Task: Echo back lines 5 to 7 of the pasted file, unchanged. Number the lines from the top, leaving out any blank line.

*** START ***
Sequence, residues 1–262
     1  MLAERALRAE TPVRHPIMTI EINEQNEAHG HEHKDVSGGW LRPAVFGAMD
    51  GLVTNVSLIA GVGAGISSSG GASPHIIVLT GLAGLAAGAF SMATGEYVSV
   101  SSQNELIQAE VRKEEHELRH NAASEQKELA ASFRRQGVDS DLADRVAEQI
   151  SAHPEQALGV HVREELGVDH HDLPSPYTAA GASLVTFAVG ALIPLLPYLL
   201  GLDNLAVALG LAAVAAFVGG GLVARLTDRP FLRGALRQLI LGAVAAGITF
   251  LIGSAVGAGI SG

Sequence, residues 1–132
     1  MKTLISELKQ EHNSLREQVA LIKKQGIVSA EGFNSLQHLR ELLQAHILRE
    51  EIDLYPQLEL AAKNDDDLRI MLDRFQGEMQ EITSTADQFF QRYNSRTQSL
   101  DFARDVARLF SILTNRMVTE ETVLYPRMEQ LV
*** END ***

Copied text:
   151  SAHPEQALGV HVREELGVDH HDLPSPYTAA GASLVTFAVG ALIPLLPYLL
   201  GLDNLAVALG LAAVAAFVGG GLVARLTDRP FLRGALRQLI LGAVAAGITF
   251  LIGSAVGAGI SG